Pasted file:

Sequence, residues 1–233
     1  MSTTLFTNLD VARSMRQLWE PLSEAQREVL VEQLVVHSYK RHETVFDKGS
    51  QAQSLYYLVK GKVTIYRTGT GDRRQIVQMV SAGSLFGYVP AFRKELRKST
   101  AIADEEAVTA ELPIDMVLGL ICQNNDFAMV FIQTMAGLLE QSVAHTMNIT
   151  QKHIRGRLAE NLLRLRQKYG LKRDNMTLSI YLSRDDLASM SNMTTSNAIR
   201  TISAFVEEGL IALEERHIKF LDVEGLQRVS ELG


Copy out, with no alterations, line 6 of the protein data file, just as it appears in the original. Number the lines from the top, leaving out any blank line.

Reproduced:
   201  TISAFVEEGL IALEERHIKF LDVEGLQRVS ELG